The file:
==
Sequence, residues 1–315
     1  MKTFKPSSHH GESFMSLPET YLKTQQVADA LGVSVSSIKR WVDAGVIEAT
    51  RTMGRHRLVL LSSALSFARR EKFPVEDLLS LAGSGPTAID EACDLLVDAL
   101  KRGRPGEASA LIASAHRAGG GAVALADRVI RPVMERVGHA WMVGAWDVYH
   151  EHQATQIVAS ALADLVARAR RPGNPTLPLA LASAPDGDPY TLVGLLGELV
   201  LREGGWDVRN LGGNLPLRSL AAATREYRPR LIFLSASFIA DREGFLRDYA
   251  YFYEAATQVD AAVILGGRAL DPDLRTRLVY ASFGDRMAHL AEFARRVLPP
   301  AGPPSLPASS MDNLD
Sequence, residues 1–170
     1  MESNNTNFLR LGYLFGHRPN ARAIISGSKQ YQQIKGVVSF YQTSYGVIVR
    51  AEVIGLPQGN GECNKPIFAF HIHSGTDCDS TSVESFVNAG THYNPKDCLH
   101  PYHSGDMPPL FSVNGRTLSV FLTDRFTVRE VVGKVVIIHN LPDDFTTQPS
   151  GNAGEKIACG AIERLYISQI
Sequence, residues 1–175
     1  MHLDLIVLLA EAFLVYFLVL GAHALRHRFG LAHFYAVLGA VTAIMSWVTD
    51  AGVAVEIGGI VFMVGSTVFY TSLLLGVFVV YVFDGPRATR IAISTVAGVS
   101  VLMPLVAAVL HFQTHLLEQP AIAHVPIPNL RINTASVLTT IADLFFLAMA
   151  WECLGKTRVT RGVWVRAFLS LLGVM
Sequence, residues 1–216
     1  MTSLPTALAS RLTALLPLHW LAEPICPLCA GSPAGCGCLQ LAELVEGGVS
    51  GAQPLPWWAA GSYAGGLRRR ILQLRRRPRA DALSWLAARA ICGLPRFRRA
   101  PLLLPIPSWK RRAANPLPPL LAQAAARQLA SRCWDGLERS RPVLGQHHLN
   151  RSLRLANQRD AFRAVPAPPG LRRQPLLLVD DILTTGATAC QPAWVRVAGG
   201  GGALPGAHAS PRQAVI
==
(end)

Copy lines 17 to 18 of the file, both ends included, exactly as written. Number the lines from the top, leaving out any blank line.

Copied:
   101  VLMPLVAAVL HFQTHLLEQP AIAHVPIPNL RINTASVLTT IADLFFLAMA
   151  WECLGKTRVT RGVWVRAFLS LLGVM